Some days I describe myself as a wildfire. 

I am a flame moving with the wind clearing the path behind me.

As the oxygen feeds into my flame, I grow more powerful. 

When the wind picks up I unexpectedly shift directions, jumping over puddles and rivers and lakes. 

Behind me is scorched earth; a burnt path of where I once traveled.

When the wind stops, I settle into fierce tranquility. 

And when the rains come, I am contained. 

I’ve lived with this piece of myself, this wildfire within my heart, as a negative aspect of who I am. 

At times I wish I was more like water.

I wish I could take the shape of what was around me, and easily move through the cracks and crevices without leaving major disturbances.

But then I realize that water can be extremely leveling as well. 

And both fire and water, in their purest form, are breathtakingly beautiful. 

Because when the flames calm enough to notice the embers, the charcoal, and the heart of the fire dancing with purples and blues, you’re greeted with an undeniable trance. 

I search for a different point of view. I try to understand how fires can be used to carve out paths for new growth, hoping that I can switch my mindset to understand that my destruction isn’t as harrowing as I believed it to be. 

The wind shifts and my fire moves and I feel that I am burning everything around me, but perhaps I am just allowing what was there to be turned over into something new – new (sometimes painful) growth. Because without such a clearing the vibrant green and resilient sprouts wouldn’t be able to breathe into life again. 

So while I may resemble a wildfire, I return back to perspective and settle into the knowing that I am deeply in tune with nature and the natural order of life and that’s the furthest thing from tragic.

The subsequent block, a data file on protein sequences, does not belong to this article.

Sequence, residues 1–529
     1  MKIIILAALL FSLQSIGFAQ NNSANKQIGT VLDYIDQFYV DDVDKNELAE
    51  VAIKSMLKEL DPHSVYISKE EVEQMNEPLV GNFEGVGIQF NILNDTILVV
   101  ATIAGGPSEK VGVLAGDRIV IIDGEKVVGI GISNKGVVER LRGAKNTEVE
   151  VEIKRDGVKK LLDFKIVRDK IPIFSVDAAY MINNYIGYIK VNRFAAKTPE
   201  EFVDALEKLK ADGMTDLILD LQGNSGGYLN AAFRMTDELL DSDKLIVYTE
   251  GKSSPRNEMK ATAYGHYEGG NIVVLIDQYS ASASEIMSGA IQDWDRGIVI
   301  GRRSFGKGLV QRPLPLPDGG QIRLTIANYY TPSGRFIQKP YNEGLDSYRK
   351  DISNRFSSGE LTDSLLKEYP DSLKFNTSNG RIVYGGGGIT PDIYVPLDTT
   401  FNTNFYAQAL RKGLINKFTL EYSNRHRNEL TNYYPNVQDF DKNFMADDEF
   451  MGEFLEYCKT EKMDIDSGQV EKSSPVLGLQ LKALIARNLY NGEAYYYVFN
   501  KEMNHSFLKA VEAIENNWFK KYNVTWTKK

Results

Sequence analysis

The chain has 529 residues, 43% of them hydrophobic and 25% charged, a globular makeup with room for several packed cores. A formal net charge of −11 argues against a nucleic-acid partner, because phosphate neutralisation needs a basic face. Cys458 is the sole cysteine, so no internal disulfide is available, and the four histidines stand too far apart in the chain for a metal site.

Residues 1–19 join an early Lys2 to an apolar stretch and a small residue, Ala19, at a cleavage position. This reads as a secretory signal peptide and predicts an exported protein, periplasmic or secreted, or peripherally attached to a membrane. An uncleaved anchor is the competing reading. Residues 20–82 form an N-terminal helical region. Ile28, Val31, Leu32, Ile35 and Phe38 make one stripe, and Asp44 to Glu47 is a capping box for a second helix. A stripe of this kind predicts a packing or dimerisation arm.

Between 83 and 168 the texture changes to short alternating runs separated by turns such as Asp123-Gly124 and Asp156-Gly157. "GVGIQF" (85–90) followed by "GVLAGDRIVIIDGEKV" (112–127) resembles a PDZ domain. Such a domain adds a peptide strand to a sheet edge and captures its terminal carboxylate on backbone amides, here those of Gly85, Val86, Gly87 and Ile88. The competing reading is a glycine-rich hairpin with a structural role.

Out here in the dry salt flats of Nevada, time stands still. The air is thick and dust filled. I draw a line on the windshield of my car in the exact same spot everyday to watch how many layers of dust settle here. A lingering stench of what I would imagine a bag of…

Rapid Rebirth pt. 3

My daughter, Liana, arrived at 2:54 in the morning, on September 7, 2018, less than three hours from the start of contractions. According to the American Pregnancy Association, rapid labor is characterized by labor that can last as little as three hours, also known as precipitous labor. I had never heard of this term prior…

Rapid Rebirth pt. 2

“Matt, Matt, wake up. I think something’s happening,” I whispered as I hunched my nude body over the side of our bed. I was dropping in and out of reality, and riding this new awareness of sensation. I felt bones shifting, muscles contracting, and electrical impulses dancing up and down my spine. This shockwave was…

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